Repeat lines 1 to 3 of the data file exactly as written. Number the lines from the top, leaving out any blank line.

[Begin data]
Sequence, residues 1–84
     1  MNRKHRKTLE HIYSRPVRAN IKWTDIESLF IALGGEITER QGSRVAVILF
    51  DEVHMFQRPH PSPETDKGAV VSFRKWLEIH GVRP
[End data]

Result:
Sequence, residues 1–84
     1  MNRKHRKTLE HIYSRPVRAN IKWTDIESLF IALGGEITER QGSRVAVILF
    51  DEVHMFQRPH PSPETDKGAV VSFRKWLEIH GVRP